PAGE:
Slaying the Emerald Cut dragon once and for all
The problem today with most Emerald Cuts
Re-inventing the Emerald cut diamond
Using ASET to determine light performance
Two most important factors in an Emerald Cut
Four-tier facet structure vs three-tier facet structure
Up until now, the quest to find the perfect emerald cut diamond has been long and tedious with many pitfalls to avoid. In this way, looking for a stunning emerald cut diamond engagement ring was similar to the quest of a mythological hero, who set out to slay a dragon and win the admiration of his emerald and her court in doing so. However, riding off into the sunset to slay that dragon, might have been easier than trying to find an emerald cut diamond that exhibits exceptional light performance. Because at least the dragon slayer knew the unseen dangers, and hopefully had the experience and training to stand a chance. Whereas most people who set off to buy an emerald cut diamond, probably don’t have the benefit of experience or professional insight. Perhaps this is why so many people turn to the world wide web of conflicting advice, where they can compare the specifications of emerald cut diamonds with ease in the comfort of their own space.
And who can you trust, when everybody says that their emerald cut diamonds are the best?
Many people have shared their tale of woe and frustrations with us throughout the years, telling us how difficult it was to find a truly spectacular looking emerald cut diamond. Of course, we could appreciate their experience, because it was difficult for us to find an exceptional emerald cut diamond, even with our extensive knowledge and trade contacts. If you’re looking for an emerald cut diamonds, perhaps you’ve observed the lack of information available for them. The GIA Laboratory does not provide crown or pavilion measurements for fancy shape diamonds. Nor are very many vendors providing ASET Scope or Ideal Scope images for emerald cut diamonds and other fancy shapes, because the majority are rarely if ever cut for light performance. That is until now, because Brian Gavin, the Wizard of Diamond Cutting, has slain the Emerald Dragon and cut it superbly as near the edge of perfection as possible. In doing so, Brian Gavin altered the course of history, as we now have a brighter perspective of light performance. Interestingly enough, up until this moment right now, it wasn't likely that you'd see the words emerald cut diamond light performance in the same sentence. In accomplishing this feat, Brian Gavin has made it much easier for you to look like a hero. Not only can you fulfill her wish for an emerald cut diamond, but you can also rest assured that it looks spectacular.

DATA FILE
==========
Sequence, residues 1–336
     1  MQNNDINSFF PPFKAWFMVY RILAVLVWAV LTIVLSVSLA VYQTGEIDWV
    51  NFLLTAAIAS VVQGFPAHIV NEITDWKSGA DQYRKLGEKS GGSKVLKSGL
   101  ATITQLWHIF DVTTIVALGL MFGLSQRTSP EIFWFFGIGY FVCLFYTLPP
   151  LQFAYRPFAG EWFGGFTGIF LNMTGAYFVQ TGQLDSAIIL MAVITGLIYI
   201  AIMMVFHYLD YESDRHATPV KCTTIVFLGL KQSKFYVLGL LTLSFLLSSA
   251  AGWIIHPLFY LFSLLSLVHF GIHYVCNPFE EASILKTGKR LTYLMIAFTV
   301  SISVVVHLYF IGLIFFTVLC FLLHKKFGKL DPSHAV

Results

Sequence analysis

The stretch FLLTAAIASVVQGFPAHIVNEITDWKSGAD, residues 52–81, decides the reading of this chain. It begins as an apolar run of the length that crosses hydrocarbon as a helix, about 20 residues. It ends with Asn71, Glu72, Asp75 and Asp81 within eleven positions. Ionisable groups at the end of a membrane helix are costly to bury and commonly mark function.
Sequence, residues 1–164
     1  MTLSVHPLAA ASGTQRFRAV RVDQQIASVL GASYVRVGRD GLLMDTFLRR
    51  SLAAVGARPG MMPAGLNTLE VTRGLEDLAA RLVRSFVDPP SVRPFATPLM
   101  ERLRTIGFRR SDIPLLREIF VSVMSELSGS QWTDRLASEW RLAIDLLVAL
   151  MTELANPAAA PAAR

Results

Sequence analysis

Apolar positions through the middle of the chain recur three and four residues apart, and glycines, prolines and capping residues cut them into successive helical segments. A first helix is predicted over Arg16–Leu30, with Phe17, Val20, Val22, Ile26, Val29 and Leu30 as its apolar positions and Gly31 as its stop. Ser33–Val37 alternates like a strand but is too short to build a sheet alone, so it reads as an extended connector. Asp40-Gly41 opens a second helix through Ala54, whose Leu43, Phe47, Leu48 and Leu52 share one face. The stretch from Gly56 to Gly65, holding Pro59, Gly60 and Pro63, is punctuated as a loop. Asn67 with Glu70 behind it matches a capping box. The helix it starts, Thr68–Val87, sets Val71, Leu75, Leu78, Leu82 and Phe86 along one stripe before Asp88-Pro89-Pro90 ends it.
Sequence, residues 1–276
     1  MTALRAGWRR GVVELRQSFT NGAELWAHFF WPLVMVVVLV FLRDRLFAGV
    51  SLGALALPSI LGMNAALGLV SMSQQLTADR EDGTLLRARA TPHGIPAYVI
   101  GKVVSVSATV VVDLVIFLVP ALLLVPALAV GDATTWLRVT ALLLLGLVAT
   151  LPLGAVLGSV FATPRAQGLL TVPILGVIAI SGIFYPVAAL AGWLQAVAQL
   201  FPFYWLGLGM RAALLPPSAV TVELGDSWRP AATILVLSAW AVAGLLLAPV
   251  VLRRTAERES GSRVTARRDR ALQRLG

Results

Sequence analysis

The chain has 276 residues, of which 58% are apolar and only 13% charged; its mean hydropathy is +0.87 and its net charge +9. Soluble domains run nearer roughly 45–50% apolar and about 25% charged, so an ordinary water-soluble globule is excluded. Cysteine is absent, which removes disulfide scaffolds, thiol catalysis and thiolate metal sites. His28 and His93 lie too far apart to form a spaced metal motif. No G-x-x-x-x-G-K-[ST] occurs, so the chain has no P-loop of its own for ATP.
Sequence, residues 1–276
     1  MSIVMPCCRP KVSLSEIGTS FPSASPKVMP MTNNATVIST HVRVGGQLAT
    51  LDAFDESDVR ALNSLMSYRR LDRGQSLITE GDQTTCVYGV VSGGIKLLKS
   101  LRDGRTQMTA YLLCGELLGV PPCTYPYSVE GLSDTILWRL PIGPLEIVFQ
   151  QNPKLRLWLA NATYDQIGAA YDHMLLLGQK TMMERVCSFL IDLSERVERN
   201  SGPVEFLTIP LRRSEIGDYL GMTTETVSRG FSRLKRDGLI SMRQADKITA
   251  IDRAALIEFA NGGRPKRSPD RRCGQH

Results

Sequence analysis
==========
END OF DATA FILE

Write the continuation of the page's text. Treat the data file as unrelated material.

The problem with most emerald cut diamonds is that they aren’t very bright or lively. The traditional step facet design does not produce the same sparkle as a round, so brightness is a critical factor of light performance. The reality is that most emerald cut diamonds just sit there on her finger taking up space, but can't deliver the bright outlook that she's dreamed about her whole life. Up until now, most of the emerald cut diamonds that you’ve seen, probably look more like the beveled glass on a coffee table. They look dull and lifeless, but there didn’t seem to be a better alternative in that shape. Lucky for you, Brian Gavin Signature Emerald cut diamonds offer the light performance that you desire. They perform better than traditional emerald cut diamonds and face-up brighter with better contrast brilliance.
Brian Gavin Signature Emerald cut diamonds face-up brighter because they’ve been re-engineered from the ground up with superior light performance in mind. Critics of Brian Gavin will likely say that he did not invent the emerald cut diamond. That’s true, we certainly can’t argue that, nor are we trying to imply that Brian Gavin is the inventor of the emerald cut diamond. We’re merely saying that he created a better one, which delivers next-generation light performance. Brian Gavin Signature emerald cut diamonds represent the next step in the evolution of diamond cutting that reflects the brilliance of its creator. To that regard, Henry Ford did not invent the automobile, on the contrary, he created more efficient manufacturing methods and design elements that we still benefit from today. In the same spirit, Brian Gavin is perfecting the art of creating a better looking, brighter emerald cut diamond, in a manner that is consistent and commercially viable. At the same time, we’re not blindly claiming that Brian Gavin Signature Emerald cut diamonds are brighter than the rest. We’re backing it up with proof provided by Angular Spectrum Evaluation Technology (ASET) via the Light Performance grading platform of the American Gem Society Laboratory.